Furthermore, some studies have even found that ICTs improve implementation of service delivery (Tregeagle, 2016) and standardization to a practice intervention (Chan & Holosko, 2016; Jabaley et al., 2011). This is especially true if:
- Human-centered design is utilized in developing the ICT systems (Smith & Eaton, 2014)
- Users were active participants in the implementation and refinement of the ICT (Dellor et al., 2015)
- ICTs are used as a strategy to increase participation by families, children, and youth (Tregeagle, 2016)
There has been speculation that if workers will embrace ICT, such tools may be able to reduce worker stress and burnout and the turnover stemming from this aspect of employment (e.g., Constantino et al., 2021). Although this hypothesis has not been tested, there are several types of stress ICT could address such as:
- Stress that results from feeling torn between competing values of the organization (see the Competing Values Framework: Adams et al., 2008; Quinn, 1988). Child welfare workers are often torn between the dual goals of meeting agency expectations for documenting case notes, assessment protocols, case plans, etc. vs. directly engaging children, youth, young adults, and families (Gibson et al., 2018; Travis & Mor Barak, 2010).
- Stress in meeting the demands of the job under tight timelines often while juggling large caseloads. Child welfare workers have to complete the voluminous amounts of required documentation and meet with partners, families, children and youth within timelines that are almost impossible to meet given the amount of time it takes to complete such tasks (Bott, 2019).
How was the case-supportive technology intervention developed?
VDSS decided to install two ICTs for a comprehensive case-supportive technology approach (see the Intervention Overview for more information):
- Transcription services to facilitate documentation of case notes by verbally recalling and dictating information from an interview or events during a visit with families or children or a visitation between families and children; and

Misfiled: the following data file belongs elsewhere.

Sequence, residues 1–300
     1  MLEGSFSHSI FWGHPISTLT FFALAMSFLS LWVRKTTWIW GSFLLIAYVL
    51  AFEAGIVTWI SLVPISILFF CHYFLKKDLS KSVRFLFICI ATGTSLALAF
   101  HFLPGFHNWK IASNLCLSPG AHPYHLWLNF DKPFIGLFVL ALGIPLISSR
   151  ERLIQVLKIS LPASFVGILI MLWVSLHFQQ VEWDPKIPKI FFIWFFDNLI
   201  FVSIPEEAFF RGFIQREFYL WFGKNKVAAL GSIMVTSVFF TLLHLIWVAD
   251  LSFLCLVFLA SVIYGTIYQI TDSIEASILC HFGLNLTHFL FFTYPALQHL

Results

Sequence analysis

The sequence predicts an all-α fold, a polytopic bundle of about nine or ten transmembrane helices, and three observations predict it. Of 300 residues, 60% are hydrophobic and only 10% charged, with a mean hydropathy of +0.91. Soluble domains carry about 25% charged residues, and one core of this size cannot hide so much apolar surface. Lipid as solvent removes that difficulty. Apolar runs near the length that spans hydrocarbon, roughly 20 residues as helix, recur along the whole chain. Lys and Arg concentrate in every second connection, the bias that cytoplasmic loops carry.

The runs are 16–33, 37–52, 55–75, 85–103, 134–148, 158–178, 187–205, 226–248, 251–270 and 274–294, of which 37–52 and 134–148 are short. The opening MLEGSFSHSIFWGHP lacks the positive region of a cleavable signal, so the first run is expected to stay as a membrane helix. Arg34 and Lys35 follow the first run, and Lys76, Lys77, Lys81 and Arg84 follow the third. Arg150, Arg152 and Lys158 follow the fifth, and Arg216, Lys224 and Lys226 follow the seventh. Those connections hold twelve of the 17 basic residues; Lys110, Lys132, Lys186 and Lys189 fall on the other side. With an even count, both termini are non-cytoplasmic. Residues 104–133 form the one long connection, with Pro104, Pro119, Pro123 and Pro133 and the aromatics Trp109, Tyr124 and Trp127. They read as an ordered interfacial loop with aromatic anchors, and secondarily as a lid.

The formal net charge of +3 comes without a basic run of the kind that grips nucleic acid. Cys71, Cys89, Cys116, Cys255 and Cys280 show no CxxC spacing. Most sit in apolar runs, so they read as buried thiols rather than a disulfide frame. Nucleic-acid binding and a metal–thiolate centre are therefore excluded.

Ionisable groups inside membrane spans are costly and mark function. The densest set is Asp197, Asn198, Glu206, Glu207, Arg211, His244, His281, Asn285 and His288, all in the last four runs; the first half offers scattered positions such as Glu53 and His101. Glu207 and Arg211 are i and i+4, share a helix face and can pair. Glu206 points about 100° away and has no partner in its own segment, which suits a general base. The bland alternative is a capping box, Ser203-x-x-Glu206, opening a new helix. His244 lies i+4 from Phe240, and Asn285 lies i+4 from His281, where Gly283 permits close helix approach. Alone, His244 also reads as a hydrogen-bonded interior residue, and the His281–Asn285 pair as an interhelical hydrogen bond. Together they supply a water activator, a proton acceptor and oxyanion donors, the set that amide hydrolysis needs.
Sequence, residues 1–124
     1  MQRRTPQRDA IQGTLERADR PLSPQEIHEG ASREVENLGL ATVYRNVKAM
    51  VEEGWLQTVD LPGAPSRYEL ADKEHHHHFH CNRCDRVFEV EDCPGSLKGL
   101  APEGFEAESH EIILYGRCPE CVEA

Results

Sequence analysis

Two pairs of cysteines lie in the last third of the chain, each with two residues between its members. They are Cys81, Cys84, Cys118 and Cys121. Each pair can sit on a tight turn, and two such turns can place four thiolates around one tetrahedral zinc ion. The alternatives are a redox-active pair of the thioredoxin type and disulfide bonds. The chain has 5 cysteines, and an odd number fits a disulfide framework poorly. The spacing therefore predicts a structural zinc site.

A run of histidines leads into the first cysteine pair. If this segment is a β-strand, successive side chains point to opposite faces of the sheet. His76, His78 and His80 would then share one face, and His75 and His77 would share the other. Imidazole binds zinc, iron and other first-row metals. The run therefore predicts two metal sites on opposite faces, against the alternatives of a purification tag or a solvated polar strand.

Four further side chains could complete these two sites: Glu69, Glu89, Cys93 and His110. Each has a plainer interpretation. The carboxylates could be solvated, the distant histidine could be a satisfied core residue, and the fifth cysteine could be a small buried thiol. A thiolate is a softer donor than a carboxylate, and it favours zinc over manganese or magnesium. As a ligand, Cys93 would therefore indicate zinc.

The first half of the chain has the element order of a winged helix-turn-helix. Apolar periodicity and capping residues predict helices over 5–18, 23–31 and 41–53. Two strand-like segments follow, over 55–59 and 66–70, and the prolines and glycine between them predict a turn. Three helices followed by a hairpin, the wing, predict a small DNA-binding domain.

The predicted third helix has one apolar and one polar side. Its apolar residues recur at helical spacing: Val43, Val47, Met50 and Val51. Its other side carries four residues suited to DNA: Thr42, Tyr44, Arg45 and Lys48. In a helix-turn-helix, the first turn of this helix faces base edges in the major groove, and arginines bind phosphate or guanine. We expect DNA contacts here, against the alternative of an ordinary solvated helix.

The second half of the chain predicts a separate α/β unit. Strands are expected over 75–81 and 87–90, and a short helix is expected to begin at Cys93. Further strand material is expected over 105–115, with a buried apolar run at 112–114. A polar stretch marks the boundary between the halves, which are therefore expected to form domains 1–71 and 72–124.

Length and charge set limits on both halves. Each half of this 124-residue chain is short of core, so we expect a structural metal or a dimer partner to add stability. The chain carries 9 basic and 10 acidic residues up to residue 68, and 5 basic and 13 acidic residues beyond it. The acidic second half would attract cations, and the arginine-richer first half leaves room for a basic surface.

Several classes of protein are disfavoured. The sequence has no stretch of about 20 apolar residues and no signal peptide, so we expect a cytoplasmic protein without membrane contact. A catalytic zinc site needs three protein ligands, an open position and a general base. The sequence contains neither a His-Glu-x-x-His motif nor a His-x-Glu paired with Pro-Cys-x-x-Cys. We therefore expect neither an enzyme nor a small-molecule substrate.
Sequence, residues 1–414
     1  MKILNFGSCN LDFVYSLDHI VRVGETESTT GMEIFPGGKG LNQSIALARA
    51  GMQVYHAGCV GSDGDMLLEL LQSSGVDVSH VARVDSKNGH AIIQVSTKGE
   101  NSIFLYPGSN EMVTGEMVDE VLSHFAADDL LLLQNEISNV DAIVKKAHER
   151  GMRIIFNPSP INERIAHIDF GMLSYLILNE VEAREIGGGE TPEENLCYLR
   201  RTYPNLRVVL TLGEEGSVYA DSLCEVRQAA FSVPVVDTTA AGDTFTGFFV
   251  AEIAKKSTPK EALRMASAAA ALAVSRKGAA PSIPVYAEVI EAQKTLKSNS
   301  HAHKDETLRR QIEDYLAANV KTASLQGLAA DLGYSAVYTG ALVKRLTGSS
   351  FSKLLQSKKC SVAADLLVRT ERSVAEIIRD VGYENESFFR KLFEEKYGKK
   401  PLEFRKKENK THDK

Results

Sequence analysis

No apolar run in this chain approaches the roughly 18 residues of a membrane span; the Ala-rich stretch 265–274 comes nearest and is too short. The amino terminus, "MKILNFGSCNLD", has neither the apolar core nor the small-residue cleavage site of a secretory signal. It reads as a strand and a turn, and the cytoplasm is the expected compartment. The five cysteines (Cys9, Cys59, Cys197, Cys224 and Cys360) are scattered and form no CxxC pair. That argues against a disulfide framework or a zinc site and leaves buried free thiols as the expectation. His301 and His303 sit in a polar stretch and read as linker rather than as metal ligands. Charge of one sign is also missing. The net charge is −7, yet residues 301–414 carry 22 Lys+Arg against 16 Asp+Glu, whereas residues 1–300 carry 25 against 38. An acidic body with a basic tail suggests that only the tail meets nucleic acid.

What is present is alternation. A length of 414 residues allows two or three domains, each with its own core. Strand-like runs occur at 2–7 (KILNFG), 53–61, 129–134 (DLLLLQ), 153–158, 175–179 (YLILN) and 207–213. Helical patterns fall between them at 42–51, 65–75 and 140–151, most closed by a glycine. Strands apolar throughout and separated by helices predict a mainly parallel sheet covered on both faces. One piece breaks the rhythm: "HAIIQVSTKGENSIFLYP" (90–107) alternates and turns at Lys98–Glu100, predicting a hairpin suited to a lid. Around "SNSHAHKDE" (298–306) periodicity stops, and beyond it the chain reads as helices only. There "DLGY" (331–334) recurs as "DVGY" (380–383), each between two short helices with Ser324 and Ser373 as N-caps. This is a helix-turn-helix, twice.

- Mobile access to the MIS in the field using COMPASS | Mobile, a mobile application with the ability to update demographic information, document maltreatment and environmental conditions utilizing the built-in camera, upload case notes from transcriptions, complete structured decision-making tools, identify open placements near children, and facilitate communication between family members and children in out-of-home care.
The theory of change hypothesized that the design, installation, and implementation of this case-supportive technology intervention by VDSS, with the support of the QIC-WD, would enable staff to boost efficiency and productivity as they complete documentation in the field soon after engagements with clients and collaterals without taking the time to drive back to an office and without losing time in having to recall details from scribbled notes or memory from engagements that took place days and weeks before. This enhanced efficiency and productivity and ability to meet timelines would reduce perceived stress which would in turn lead to more job satisfaction, intentions to remain with the agency and actual retention.
In addition, the freed-up time could potentially be spent in actual engagement with families, children, and youth and reduce feelings of internal conflict which would lead to more job satisfaction and more positive outcomes of safety, permanency, and well-being.
What research gap is the QIC-WD addressing?
As described earlier, there are multiple gaps in the literature connecting technology use to child welfare worker efficiency and job satisfaction. And there is a dearth of literature connecting technology supports to worker turnover. The QIC-WD evaluation will examine the implementation of technological interventions including staff characteristics and the likelihood, degree, and manner of technological adoption, and associations between caseworker characteristics and turnover (some early findings have been presented). The study will help the field understand how transcription services and mobility devices are used by different groups of workers and its impact on the timeliness of casework documentation and flexibility for staff, including the ability to complete administrative tasks while out of the office.